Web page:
Learn about Combine, the MVVM architecture, data, notifications and performance hands-on by creating a beautiful SwiftUI application
Since its release, SwiftUI has grown tremendously. By transitioning from Swift to SwiftUI, Apple wanted to democratize coding, and create an easy-to-read and easy-to-code language. In 2019, Combine was introduced, a framework that handles asynchronous events and monitor state changes among other purposes, which highlights one of the greatest additions to SwiftUI. In this course, we’ll cover different aspects of the Combine API. We’ll also learn about data fetching and displaying, push notifications, App Storage, testing and performance.


To follow this course, you can download the source file, which will help you compare your progress.

What you’ll build

In this course, we’ll learn how to build a part of the account view of our DesignCode iOS Application. This view might seem simple at first, but it holds a lot of data, logic and backend. We’ll be covering how to store local data, data from a JSON file, in UserDefaults and in an external database, Firestore. Besides data, we’ll take a look at the MVVM (Model-View-ViewModel) design pattern, push notifications with the help of Firebase Cloud Messaging, performance testing, and different aspects of the Combine API that allows us to update the UI asynchronously.

What is Combine?

Combine is a framework that lets you handle asynchronous events and maintain states in your app’s lifecycle, an aspect that is absolutely necessary in any app. It allows you to sync data across your app and have your UI respond instantly to its changes. It helps in processing values step by step in a continuous flow, for example when using it in a network response or sharing a state variable with another class. Later on, we will be using Combine to notify changes to our views so that they can be updated accordingly.

Data model and data fetching

We’ll learn how to create our own data models. We’ll apply them to hard-coded data, to a local JSON array of objects, as well as to a document in Firestore. We’ll also learn how to fetch and decode that data so that we can use it in our SwiftUI application.

Push notifications

One of the biggest advantages of using an iOS or Android application is receiving push notifications in real time. In this course, we’ll learn how to send notifications to iOS devices using the Apple Push Notification service (APNs) and Firebase Cloud Messaging.

Performance and Testing

We’ll also take a look at performance, and how some UI elements can affect performance in a full-fledged and complex app. To solve some performance issues, we’ll create a LiteMode toggle that will turn off some UI elements that uses a lot of CPU, especially on older devices.

As for testing, we’ll test our application in offline mode using Network Link Conditioner. We’ll also take a look at Xcode’s Debug Navigator and take testing a step further by profiling our application using Xcode’s Instruments.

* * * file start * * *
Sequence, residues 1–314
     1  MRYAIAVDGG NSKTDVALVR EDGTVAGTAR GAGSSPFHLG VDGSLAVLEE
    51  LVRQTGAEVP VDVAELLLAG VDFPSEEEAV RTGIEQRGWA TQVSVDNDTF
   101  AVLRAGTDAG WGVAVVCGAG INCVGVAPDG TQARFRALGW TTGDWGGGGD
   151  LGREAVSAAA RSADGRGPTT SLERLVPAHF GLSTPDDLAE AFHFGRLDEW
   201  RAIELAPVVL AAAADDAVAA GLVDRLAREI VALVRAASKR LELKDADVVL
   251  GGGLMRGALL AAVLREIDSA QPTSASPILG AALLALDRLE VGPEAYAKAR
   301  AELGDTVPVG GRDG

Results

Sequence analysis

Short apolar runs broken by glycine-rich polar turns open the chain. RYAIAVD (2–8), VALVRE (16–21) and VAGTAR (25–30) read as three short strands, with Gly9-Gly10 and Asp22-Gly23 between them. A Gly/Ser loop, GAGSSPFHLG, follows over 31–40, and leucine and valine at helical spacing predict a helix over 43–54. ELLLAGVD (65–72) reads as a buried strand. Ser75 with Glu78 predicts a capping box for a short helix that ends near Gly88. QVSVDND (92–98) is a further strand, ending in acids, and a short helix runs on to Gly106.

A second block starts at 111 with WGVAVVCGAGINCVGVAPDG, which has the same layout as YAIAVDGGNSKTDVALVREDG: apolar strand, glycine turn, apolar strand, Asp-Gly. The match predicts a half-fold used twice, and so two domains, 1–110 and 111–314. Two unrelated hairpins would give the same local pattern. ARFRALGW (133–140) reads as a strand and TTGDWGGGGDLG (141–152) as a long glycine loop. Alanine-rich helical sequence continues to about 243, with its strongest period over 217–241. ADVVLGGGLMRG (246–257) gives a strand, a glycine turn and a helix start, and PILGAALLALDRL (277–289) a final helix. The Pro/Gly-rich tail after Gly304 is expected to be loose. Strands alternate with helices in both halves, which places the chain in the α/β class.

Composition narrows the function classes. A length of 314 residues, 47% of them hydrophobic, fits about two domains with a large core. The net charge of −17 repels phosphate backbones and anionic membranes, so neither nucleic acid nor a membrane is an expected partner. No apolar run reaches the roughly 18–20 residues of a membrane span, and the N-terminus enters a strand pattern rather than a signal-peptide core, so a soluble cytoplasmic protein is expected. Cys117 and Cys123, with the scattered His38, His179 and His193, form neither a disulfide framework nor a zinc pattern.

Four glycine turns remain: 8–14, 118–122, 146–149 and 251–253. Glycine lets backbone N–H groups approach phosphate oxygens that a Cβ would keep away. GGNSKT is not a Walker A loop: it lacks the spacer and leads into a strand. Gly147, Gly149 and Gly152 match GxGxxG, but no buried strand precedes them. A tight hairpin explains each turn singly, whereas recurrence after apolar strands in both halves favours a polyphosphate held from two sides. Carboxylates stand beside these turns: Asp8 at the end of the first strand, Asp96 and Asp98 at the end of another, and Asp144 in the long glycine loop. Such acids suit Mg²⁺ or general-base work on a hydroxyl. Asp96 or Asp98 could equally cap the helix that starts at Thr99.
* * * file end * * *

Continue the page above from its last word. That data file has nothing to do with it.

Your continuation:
For this course, you’ll need a MacBook, since we’ll be using Xcode. Xcode only runs on Apple’s operating system. Also, make sure to download the latest version of Xcode. This course has been built on MacOS Big Sur, with Xcode version 12.5, SwiftUI 2.0 and running on iOS 14.5.

This course also assumes that you have basic knowledge of SwiftUI. If you’re new to SwiftUI, I suggest you to follow the complete course Build an app with SwiftUI (Part 1Part 2 and Part 3) to understand all the basics before moving on to this course.

Create your project

Once you meet all the requirements, let’s create our Xcode project! Open Xcode, and in the modal that pops up, select Create a new Xcode project. We’ll be creating an iOS App, so under the iOS tab, select the App option.
Give your project a name, then click on Next. Choose a location where you want to save your project. Make sure the Interface is SwiftUI and Life Cycle is SwiftUI App.

Perfect, now we created our Xcode project! Now, download the source files to follow this course.

Import Assets and Graphics

Once you downloaded the source files for this course, add them to your project:

  • Drag and drop the ColorsImages and Logos folders from the Assets in the Assets.xcassets folder of your Xcode project.
  • Drag and drop the Graphics folder in the ProjectName folder of your Xcode project. The Graphics folder contains two files: the AccountBackground.swift and the VisualEffectBlur.swift.


In ContentView.swift, add a NavigationView, wrapping the Text.

// ContentView.swift var body: some View {
NavigationView {
Text("Hello, world!")

Add the .navigationViewStyle modifier to the NavigationView, and provide the value StackNavigationViewStyle(). This allows us to use NavigationView on iPad, without having our content in a sidebar.

// ContentView.swift


Inside of the NavigationView, embed the Text with a ZStack, aligned to the top. The frame’s height should be .infinity and alignment .top. Then, we’ll add the AccountBackground() that we imported from the downloads. We’ll also hide the navigation bar, because this adds some unwanted padding at the top of our view.
// ContentView.swift var body: some View {
NavigationView {
ZStack(alignment: .top) {
Text("Hello, world!")
.frame(maxHeight: .infinity, alignment: .top)

This is how your ContentView should look like by now:


Congratulations! We just created our Xcode project and added a beautiful background to our main view. In the next section, we’ll learn how to make the status bar’s background change on scroll.